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Expanding a series

  1. Oct 11, 2006 #1
    I have the series (cosx)^-1/2 (so it's square-rooted and on the bottom)

    And I need to get the first few terms. My idea has been to do this: [1 + (cosx - 1)]^-1/2

    But I have no idea how to take the binomial expansion of that. Do I:

    Take the BE first, substituting "cosx - 1" as just X or something, then after I get the first few terms of that, substitute in the series for "cosx - 1" back into X and adding everything up? The only reason I haven't tried this yet is because it seems like this would take an infinite amount of work... :yuck:
     
  2. jcsd
  3. Oct 11, 2006 #2

    quasar987

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    if you only need the first few terms, why no just differentiate (cosx)^-1/2 a few times?

    [tex]\frac{1}{\sqrt{\cos x}} = 1+ \frac{1}{2}\left[ \frac{d}{dx}\frac{1}{\sqrt{\cos x}}\right]_{x=0}x+...[/tex]
     
  4. Oct 11, 2006 #3
    Because your 1st derivative is missing a sinx (Unless I don't get your mathematical notation...), and the next derivatives only get more gruesome. This teacher keeps spouting "we're smart, but lazy", so I'm guessing there is a trick I am missing here.
     
  5. Oct 11, 2006 #4

    quasar987

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    it's not messy at all after you evaluate the derivative at x=0. All the cos become 1 and all the sines become 0.
     
  6. Oct 11, 2006 #5
    quasar, you are doing a MacLaurin series right?
     
  7. Oct 11, 2006 #6

    quasar987

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    Are you going to say that after a few derivatives, nasty sines come poping in the denominator?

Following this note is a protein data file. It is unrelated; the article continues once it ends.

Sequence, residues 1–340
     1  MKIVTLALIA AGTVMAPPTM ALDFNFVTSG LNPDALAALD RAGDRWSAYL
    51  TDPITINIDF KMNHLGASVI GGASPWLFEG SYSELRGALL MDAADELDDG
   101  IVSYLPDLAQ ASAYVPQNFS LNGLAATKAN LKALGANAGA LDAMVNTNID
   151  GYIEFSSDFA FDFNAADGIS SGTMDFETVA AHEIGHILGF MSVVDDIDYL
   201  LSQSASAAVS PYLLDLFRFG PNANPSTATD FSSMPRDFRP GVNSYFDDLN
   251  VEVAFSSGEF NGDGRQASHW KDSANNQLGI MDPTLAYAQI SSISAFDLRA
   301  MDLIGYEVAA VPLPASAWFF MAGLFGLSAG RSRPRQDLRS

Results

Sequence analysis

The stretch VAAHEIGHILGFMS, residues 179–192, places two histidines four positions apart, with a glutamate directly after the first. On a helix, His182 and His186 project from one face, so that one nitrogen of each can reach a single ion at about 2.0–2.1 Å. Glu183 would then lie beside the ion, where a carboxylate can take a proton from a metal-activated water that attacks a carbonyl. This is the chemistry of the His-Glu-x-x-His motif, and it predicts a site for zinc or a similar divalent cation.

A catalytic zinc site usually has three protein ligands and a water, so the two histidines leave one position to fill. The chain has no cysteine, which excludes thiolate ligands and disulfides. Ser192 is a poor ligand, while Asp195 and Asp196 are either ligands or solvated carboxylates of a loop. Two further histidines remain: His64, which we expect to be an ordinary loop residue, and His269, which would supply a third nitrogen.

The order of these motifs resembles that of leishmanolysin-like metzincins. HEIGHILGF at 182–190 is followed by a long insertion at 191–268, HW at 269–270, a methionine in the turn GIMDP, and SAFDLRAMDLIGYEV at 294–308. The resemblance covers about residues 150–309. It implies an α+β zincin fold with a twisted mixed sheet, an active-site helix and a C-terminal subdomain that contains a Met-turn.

Just to be on the same side, make that a Taylor series centered on [itex]\pi/4[/itex] where both cos and sine are [itex]1/\sqrt{2}[/itex].
     
    Last edited: Oct 11, 2006
  8. Oct 11, 2006 #7
    Errr... when can I evaluate at x=0? Don't I need to keep it a variable until I am completely done deriving?
     
  9. Oct 11, 2006 #8

    quasar987

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    Yes. It's true you are lazy, lol.
     
  10. Oct 11, 2006 #9
    I tried this once already. I got to through 2 derivations before it became really ugly. And my f(0)'s were something like 1, 0, and 1/2. That only makes it 2 terms, really, unless I want to cheat and say it's 0x. But I probably can't. So if all the odd n terms are supposed to be 0, I have a lot of deriving to go. I said I'm lazy, but smart. Smart enough to know that there has to be a different approach. This isn't a calc class where we are learning this the first time and have to go through this just to know how it's done. This is math physics, so it's mainly just a review + more critical thinking.
     
  11. Oct 11, 2006 #10

    quasar987

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    Alright, so let's get back to your first idea.

    [tex](\cos x)^{-1/2} = (1+(\cos x - 1))^{-1/2} \equiv (1-X)^{-1/2}[/tex]

    Expand this in a binomial series, then resubstitute X--> cos(x)-1. You will have what you want: a series expansion for (cosx)^-1/2. It is not a power series, but it is a series expansion.

    It is frequent that calc classes do not cover the binomial series for non-positive integer exponents, but any physics class will assume that you know it. See

    http://en.wikipedia.org/wiki/Binomial_series

    The series you find will converge for all values of x such that |X(x)|<1. Find what that corresponds to in terms of x.
     
    Last edited: Oct 11, 2006
  12. Oct 11, 2006 #11
    I have to get a power series expansion (or whatever it's called, where it's 1 + x/2! etc). So would I then expand cosx - 1 and plug those results into each individual binomial expansion? That sounds like just as much work. But I guess I have to try something.
     
  13. Oct 11, 2006 #12

    quasar987

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    yeah, do that then. Since X = cos(x) - 1, and cos(x)'s power series's first term is 1, the 1's cancel and then the term of lowest degree in [itex]X^n[/itex] is [itex]x^n[/itex]. So if you decide to keep only the terms up to degree 2, you're left with the first two terms (in x) of X and the first term (in x) of X².
     
    Last edited: Oct 11, 2006
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